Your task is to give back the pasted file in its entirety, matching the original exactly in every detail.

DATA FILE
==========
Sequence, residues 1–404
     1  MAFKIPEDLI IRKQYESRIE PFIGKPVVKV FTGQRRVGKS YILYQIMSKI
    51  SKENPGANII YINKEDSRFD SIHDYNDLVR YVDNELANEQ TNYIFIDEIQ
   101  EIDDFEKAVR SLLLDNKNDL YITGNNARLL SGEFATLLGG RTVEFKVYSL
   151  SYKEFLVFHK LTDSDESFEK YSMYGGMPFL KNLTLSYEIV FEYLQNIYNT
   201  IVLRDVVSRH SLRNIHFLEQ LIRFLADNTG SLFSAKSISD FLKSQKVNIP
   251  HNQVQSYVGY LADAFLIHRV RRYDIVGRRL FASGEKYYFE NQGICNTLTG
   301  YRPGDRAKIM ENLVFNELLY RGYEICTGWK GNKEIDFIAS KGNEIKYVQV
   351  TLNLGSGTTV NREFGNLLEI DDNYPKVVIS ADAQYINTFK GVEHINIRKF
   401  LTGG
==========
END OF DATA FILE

Sequence, residues 1–404
     1  MAFKIPEDLI IRKQYESRIE PFIGKPVVKV FTGQRRVGKS YILYQIMSKI
    51  SKENPGANII YINKEDSRFD SIHDYNDLVR YVDNELANEQ TNYIFIDEIQ
   101  EIDDFEKAVR SLLLDNKNDL YITGNNARLL SGEFATLLGG RTVEFKVYSL
   151  SYKEFLVFHK LTDSDESFEK YSMYGGMPFL KNLTLSYEIV FEYLQNIYNT
   201  IVLRDVVSRH SLRNIHFLEQ LIRFLADNTG SLFSAKSISD FLKSQKVNIP
   251  HNQVQSYVGY LADAFLIHRV RRYDIVGRRL FASGEKYYFE NQGICNTLTG
   301  YRPGDRAKIM ENLVFNELLY RGYEICTGWK GNKEIDFIAS KGNEIKYVQV
   351  TLNLGSGTTV NREFGNLLEI DDNYPKVVIS ADAQYINTFK GVEHINIRKF
   401  LTGG